We arrived at the settlement, the first house was a modern affair of Durock sidings neatly kept but not occupied. Next door a permanent residence of some substance, well maintained and occupied and next door a little house of fibrolite again occupied and neatly kept. The road petered out to a one car track through giant lupin bushes. On we went, to our left a great green grass area with little a little bach nestled in the scrub, ahead the track continued to the right and there, two neat batches close by and further afield other shacks.
We returned to the great grass area there to find a pipe in the ground dispensing a great volume of artesian water, cold, clear and sweet. We made our fire and cooked the chops, boiled the thermette and tea and went walkabout. We found the stream and the footbridge and giant sand hills upstream. Over the bridge and up the hills. At the top more giant hills and in the distance the sea. It was a long trying walk to the shore up and down. The beach was magnificent. We all three plunged into the surf on this hot calm clear day to cool off.
The rest of the district remained unexplored by the Edwards family as they returned each day to Waikawa. For their next holiday they rented a bach, this became an annual event for the next 17 years. “Weekend, school holidays, annual holidays saw us ‘off to the Beach’. When father went away on business mother and I did not break the tradition. With 2 suitcases — one for clothes and one for food — we would board the train at Lyall Bay to catch the Field Express for the 2 hour trip to Manakau at a cost of 14/6 each return.
To trip from Manakau to the beach was by taxi — a 1926 Essex driven by Mr Hornig, The back seats were plush and usually covered by hay — he was a dairy farmer. He would turn around and tell us of all the happenings since we last met — hair raising! Down the road, through the gate and a quick call on Grannie Drake achieved by simply driving off the road and across the paddock without removing his foot from the accelerator. Off again down the gravel road through the scrub and into the bach.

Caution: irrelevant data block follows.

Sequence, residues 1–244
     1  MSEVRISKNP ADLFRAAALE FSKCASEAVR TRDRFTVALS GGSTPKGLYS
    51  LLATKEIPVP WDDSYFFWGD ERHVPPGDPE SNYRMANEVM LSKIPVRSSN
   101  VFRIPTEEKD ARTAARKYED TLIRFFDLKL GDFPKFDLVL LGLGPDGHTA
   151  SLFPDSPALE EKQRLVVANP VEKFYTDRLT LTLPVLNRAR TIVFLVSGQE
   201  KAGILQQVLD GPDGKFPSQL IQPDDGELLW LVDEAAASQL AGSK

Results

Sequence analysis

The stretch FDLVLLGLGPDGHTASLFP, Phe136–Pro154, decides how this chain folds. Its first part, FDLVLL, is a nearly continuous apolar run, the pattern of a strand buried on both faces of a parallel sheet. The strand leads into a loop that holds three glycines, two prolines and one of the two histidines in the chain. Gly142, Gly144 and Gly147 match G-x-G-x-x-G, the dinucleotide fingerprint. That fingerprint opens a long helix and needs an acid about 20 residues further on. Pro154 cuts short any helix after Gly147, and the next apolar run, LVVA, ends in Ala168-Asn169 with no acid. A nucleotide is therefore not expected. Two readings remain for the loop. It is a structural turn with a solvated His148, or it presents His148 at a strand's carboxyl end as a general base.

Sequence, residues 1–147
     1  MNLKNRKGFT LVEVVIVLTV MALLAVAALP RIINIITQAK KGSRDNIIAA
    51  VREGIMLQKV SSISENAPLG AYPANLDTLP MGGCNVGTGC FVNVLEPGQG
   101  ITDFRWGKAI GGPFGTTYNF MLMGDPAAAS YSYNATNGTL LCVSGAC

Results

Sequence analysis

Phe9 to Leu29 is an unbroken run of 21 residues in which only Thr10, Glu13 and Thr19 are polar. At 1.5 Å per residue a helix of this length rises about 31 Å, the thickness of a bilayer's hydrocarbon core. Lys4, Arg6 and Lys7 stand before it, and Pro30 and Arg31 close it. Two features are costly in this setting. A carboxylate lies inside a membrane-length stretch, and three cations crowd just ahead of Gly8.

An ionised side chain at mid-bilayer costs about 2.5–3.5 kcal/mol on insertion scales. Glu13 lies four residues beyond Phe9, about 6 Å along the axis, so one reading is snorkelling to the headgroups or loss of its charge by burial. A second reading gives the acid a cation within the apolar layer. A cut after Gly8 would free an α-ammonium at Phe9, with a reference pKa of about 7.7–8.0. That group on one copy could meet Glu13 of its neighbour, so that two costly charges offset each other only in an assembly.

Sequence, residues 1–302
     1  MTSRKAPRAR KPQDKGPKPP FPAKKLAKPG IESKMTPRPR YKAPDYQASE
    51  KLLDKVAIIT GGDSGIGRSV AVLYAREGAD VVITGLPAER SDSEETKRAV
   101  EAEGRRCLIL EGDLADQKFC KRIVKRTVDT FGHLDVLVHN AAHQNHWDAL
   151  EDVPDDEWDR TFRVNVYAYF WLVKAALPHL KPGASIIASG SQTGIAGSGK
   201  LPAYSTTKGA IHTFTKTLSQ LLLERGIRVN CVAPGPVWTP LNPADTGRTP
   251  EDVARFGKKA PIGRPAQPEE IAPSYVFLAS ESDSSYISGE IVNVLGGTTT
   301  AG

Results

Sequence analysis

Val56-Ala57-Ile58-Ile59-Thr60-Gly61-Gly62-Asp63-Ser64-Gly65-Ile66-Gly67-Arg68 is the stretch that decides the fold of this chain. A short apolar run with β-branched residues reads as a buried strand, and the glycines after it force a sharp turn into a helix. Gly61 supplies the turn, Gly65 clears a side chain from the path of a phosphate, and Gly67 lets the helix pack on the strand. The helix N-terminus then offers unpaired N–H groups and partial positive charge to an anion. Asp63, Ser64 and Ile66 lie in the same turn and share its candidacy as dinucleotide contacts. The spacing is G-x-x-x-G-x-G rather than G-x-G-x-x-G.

My thanks to John Brown for the Hank Edwards bit.
From: March 2014 Newsletter.
05 May 2014:
Hank Edwards Story Part 2…
They cooked on the wood stove and lit the bach with kerosene lamps and candles until electricity arrived c1956. The toilet was an outhouse that “…provided great compost for Miss Leota’s leeks, peas and cabbages.” Water was obtained from a rainwater tank that houses a meat safe underneath.
Hank would pitch his tent beside the bach at the end of the school year and live in it until he had to return to school. He kept occupied swimming, walking the beach, looking at birds and their nests, digging for toheroas and catching whitebait.
With Ray Drake he hunted rabbit, pheasant and duck and fished from Ray’s boat. He remembered
snapper tails flapping upright out of the water at low tide on a calm day as they buried their heads in the sand munching on Tua Tua. Also with a net dragging for flounder and netting snapper. From a boat, with hand lines and later a rod and later still 100 hook set lines bringing home snapper, gurnard, kahawai, shark and more. As late as the 1960’s 15–20lb snapper were regularly caught in the nets while dragging for flounder.